The easiest way I have found to combine a healthy intake of lycopenes into my diet is by using marinara sauce on various foods. For example, at breakfast, an egg-white omelet containing eggplant and bell peppers (ratatouille omelet) covered with marinara sauce is healthy as a source of protein, contains a substantial fiber content and is restricted in the amount of simple carbohydrates. Stewed tomatoes can be served as a vegetable side dish with lunch or dinner. Additionally, if one were intolerant to tomato-based products due to gastrointestinal reflux disease, supplementation with products containing lycopene would be a worthwhile consideration. Life Extension (LE), a nutraceutical company in Ft. Lauderdale, Florida sells a number of products containing lycopene, and additional products containing zeaxanthin. Healthy Origins sells a product called Lyc-O-mato that is a lycopene-based product. (Table 2)
Measures to prevent PC must be a routine part of the counsel that general practitioners and internists give their patients. Vitamin E and selenium are foundational antioxidants that should be started early in life to prevent oxidative damage to the prostate tissue and other tissues of the body. Although definitive studies regarding what age such supplements should be started at are currently lacking, I would suggest beginning such a regimen at age 25 and continuing this approach as a life-long practice. Vitamin E has been shown to reduce the incidence of PC by 32% and death due to PC by 41%.22 Basic research studies have shown that vitamin E reduces growth rates of PC tumors transplanted into mice and stimulated by a high fat diet.23 A study published in the Journal of the National Cancer Institute determined that statistically significant protective associations for high levels of selenium and alpha-tocopherol (vitamin E), were observed only when gamma-tocopherol (the gamma isomer of vitamin E) levels were high.24 A suggested dose of natural vitamin E as d-alpha tocopherol succinate would be 400 i.u. (equivalent to 270 mg) combined with 210 mg of d-gamma tocopherol in conjunction with selenium at a dose of 200 mcg per day. A table of the readily available d-gamma tocopherol supplements comparing doses and costs may be found at http://pcri.org/education/nutrprod/vite.html.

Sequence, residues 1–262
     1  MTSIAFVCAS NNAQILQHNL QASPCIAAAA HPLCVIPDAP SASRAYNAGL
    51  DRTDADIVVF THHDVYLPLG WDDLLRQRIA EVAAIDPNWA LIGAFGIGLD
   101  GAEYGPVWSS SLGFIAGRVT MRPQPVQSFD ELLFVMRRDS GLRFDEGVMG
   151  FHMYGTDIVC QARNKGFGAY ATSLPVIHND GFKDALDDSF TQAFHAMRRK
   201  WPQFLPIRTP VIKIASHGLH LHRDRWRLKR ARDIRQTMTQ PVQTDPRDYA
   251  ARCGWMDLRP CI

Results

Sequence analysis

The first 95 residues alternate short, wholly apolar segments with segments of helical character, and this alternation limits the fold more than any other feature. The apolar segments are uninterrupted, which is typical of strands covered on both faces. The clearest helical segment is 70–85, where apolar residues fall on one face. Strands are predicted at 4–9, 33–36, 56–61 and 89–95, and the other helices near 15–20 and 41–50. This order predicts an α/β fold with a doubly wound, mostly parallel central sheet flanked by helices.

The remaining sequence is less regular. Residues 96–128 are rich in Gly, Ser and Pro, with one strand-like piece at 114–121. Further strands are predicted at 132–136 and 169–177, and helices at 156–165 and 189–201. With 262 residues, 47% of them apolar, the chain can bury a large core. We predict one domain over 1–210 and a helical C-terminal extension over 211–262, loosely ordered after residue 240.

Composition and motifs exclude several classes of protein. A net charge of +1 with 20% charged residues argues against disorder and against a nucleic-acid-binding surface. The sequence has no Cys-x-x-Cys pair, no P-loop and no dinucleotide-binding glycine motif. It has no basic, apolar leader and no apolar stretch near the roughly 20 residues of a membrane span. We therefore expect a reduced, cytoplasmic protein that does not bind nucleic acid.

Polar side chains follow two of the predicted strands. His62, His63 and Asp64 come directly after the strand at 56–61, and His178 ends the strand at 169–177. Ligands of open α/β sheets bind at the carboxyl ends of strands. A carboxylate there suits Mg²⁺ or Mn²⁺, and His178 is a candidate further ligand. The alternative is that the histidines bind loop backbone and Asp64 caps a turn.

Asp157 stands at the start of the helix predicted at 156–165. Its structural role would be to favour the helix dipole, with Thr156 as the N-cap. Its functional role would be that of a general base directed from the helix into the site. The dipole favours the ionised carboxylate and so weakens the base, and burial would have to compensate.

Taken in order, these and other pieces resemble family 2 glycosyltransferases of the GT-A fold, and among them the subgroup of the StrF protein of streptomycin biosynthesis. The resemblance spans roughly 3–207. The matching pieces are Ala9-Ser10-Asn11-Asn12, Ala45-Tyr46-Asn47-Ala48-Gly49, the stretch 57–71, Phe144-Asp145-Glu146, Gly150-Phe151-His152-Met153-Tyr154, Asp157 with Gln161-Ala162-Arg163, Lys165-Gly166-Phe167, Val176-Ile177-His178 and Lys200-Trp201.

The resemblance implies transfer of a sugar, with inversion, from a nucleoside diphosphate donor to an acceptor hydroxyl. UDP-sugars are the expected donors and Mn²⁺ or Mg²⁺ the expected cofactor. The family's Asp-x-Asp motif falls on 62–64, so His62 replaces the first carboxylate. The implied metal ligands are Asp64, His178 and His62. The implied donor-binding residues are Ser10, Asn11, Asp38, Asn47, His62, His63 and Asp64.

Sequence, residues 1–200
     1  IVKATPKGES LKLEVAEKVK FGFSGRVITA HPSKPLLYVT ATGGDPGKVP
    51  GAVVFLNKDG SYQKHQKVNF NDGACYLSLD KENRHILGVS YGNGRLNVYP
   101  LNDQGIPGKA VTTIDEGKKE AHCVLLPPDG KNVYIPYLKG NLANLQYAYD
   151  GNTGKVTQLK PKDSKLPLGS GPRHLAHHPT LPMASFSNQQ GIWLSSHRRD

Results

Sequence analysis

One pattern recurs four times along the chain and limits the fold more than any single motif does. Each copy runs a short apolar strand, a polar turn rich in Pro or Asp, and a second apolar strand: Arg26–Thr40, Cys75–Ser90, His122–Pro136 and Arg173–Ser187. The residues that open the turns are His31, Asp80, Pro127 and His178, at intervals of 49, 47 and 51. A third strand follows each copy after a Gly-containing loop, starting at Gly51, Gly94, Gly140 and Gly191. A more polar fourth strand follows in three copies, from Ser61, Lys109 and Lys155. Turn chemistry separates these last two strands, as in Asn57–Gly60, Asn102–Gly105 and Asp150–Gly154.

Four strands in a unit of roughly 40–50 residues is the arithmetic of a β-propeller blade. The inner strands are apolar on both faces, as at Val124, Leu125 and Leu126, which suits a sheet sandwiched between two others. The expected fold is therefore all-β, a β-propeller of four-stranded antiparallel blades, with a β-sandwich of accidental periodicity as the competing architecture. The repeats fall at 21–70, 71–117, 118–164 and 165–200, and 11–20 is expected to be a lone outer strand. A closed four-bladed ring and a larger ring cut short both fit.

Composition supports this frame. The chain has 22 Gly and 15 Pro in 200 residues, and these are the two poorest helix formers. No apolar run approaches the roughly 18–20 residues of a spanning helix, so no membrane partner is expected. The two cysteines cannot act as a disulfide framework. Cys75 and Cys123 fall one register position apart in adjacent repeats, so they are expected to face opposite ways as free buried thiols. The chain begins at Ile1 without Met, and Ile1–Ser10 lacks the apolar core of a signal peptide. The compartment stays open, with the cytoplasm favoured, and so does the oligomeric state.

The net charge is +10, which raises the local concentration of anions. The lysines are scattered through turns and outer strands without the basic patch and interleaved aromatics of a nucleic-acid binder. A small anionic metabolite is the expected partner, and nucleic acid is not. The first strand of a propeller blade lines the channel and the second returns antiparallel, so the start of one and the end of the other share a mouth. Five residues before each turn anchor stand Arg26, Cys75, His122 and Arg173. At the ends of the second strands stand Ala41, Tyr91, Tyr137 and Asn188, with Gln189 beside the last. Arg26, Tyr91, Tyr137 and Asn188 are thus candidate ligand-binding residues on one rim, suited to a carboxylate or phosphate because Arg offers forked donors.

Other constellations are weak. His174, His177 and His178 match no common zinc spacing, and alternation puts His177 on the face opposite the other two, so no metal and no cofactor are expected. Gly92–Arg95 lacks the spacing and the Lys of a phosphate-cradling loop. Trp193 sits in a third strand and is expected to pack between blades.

Studies by Clark, et al as well as Yoshizawa et al have shown that selenium reduced the incidence of PC in men by 63%.25,26 Selenium intake of at least 200 mcg a day and vitamin E should be a standard recommendation made to all men.
Omega 3 fatty acids (marine fish oils)
The importance of fats with beneficial activity has been under-emphasized throughout all of healthcare, including PC prevention and treatment. Every cell in the human body has a cell membrane that encloses the basic machinery of the cell. The cell membrane is comprised of fatty acids or lipids. The integrity of the cell depends on the health and function of its cell membrane. One of the functions of the cell membrane involves the production of hormonal substances called eicosanoids. These are the oldest hormones -- messengers involved in communication between cells. Eicosanoids trace their origin back 500 million years to production by sponges. Hormones are usually peptides or steroids, produced by one tissue and conveyed by the bloodstream to another to exert a physiological effect on cell growth or metabolism; in short, a chemical messenger aimed at maintaining a healthy state of affairs within the complex society of cells, tissues and organ systems. All of medicine, in fact all of life, represent issues of communication and balance.
The omega-3 fatty acids eicosapentaenoic acid (EPA) and docosahexenoic acid (DHA) are critical regulators of the eicosanoid hormonal pathways. EPA and DHA (extracted from fish oil) direct eicosanoid production away from the bad or unfavorable eicosanoids such as the omega-6 fatty acid arachidonic acid (AA) and its metabolic products. (Figure 2) By inhibiting this latter pathway (shown in red in Figure 2) DGLA is metabolized in favor of good eicosanoids, such as PGA1 and PGA2.
Continued on Page 3 of 3